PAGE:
Racing the Beam: The Atari Video Computer System

The Atari Video Computer System dominated the home videogame market so completely that “Atari” became the generic term for a videogame console. The Atari VCS was affordable and offered the flexibility of changeable cartridges. Nearly a thousand of these were created, the most significant of which established new techniques, mechanics, and even entire genres. This book offers a detailed and accessible study of this influential videogame console from both computational and cultural perspectives.

racing the beam

Studies of digital media have rarely investigated platforms—the systems underlying computing. This book (the first in a series of Platform Studies) does so, developing a critical approach that examines the relationship between platforms and creative expression. Nick Montfort and Ian Bogost discuss the Atari VCS itself and examine in detail six game cartridges: Combat, Adventure, Pac-Man, Yars’ Revenge, Pitfall!, and Star Wars: The Empire Strikes Back. They describe the technical constraints and affordances of the system and track developments in programming, gameplay, interface, and aesthetics. Adventure, for example, was the first game to represent a virtual space larger than the screen (anticipating the boundless virtual spaces of such later games as World of Warcraft and Grand Theft Auto), by allowing the player to walk off one side into another space; and Star Wars: The Empire Strikes Back was an early instance of interaction between media properties and video games.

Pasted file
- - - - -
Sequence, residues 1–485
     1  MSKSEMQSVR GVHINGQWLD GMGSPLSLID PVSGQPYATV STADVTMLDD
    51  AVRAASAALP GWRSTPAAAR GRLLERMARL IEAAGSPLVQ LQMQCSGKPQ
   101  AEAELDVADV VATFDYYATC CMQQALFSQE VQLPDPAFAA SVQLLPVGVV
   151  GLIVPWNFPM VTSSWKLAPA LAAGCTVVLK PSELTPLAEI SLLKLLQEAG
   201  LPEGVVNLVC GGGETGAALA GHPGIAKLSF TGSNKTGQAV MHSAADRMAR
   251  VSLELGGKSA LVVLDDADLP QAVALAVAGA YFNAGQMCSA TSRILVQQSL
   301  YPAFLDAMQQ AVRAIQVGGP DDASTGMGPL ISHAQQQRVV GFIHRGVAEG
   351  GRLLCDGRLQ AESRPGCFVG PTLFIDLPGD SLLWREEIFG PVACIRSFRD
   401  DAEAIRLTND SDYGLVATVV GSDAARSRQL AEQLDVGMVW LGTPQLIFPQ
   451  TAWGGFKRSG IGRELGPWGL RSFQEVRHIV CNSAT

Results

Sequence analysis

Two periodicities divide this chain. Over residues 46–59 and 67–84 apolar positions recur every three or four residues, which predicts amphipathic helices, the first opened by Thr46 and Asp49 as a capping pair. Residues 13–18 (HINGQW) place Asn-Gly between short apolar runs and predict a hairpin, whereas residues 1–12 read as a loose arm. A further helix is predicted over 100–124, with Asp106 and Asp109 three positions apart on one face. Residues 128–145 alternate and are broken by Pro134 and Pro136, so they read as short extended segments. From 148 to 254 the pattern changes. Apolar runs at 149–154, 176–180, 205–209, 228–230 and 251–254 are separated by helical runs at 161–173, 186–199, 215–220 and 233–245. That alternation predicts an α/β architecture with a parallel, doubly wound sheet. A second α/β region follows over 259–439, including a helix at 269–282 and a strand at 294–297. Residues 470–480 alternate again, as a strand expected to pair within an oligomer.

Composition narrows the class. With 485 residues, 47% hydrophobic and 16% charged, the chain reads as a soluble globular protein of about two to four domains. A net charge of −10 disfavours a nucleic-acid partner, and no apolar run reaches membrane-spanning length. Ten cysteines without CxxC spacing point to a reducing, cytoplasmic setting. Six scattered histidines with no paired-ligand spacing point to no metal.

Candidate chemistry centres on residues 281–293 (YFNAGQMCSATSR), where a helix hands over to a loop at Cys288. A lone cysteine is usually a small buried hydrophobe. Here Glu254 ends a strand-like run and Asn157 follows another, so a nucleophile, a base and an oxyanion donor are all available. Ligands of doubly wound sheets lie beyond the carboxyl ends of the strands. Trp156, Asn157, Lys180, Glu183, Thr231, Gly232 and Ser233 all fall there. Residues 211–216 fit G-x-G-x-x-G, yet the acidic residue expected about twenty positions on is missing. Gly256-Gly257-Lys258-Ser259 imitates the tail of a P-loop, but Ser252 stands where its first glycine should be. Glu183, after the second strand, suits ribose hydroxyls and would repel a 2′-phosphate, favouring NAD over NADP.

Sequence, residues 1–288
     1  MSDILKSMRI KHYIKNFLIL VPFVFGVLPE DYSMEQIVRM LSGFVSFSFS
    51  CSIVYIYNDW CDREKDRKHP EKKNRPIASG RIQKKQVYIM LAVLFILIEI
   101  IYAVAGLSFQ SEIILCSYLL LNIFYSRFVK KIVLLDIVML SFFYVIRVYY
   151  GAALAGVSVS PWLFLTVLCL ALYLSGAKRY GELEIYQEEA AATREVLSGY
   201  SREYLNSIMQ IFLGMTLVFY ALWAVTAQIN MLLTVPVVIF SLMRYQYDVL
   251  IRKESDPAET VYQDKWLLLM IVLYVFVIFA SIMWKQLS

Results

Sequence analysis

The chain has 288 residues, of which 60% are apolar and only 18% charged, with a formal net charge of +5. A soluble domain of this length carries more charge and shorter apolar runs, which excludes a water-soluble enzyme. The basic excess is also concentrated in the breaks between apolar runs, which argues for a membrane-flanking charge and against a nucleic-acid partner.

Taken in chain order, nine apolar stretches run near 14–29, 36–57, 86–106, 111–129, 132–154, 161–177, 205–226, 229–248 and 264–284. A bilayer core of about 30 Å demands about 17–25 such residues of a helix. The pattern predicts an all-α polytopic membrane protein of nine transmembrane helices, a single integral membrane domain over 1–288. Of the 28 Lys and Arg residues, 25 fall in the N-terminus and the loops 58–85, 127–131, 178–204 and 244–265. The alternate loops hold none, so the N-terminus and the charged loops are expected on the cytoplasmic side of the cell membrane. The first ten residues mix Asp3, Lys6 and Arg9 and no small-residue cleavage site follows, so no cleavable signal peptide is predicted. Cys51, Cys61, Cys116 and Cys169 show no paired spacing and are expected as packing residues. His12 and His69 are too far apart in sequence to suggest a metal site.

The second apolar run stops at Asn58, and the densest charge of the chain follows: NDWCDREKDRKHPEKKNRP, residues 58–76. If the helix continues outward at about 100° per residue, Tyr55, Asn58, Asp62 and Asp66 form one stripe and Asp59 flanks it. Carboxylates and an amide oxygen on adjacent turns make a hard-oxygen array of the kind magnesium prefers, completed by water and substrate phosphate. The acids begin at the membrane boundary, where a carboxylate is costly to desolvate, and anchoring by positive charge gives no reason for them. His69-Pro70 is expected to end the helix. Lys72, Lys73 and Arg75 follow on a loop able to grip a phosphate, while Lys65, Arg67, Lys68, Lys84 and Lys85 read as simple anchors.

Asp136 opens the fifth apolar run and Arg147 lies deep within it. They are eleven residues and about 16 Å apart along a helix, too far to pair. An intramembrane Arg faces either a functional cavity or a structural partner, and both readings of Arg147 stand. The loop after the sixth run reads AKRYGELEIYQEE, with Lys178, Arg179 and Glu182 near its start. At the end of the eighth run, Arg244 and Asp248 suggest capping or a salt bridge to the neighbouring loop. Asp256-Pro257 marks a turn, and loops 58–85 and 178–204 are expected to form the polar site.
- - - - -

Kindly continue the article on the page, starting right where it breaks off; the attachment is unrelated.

Montfort and Bogost show that the Atari VCS—often considered merely a retro fetish object—is an essential part of the history of video games.

Racing the Beam: The Atari Video Computer System (Platform Studies) [@] Amazon

This Post Has 4 Comments

  1. VicSage2005

    I’ll have to get my local Barnes and Noble to get a copy of this for me, thanks for the heads up!

  2. Brian

    It’s quite amazing how they stretched the VCS to do things that it was never meant to do. Things like bankswitching ROM so they could make bigger games (up to 32k, on a machine that was designed to run 2k and 4k games), and writing screen kernels that allowed for more than the two players the machine had built in, to almost remove the flickering that early games suffered from. Even these days, hobbyists are stretching the VCS to do things that it was never meant to do. Putting control of the screen drawing in the hands of the programmer made the machine more flexible and powerful than the designers of the VCS ever imagined. It also made the machine a royal pain to program as well. Imagine having to count CPU cycles to determine where the current scanline position is, so that you can draw your players and enemies! There was no frame buffer in the VCS; something we take for granted these days…

  3. Doug

    I’ve read a section of this and it looked too technical for my taste. Was I wrong in that? Are there good stories about the games?

  4. The Retroist

    Lots of good stuff about the games and a great technical overview. I can see that being a little overwhelming at times, but it is worth the journey.

Leave a Reply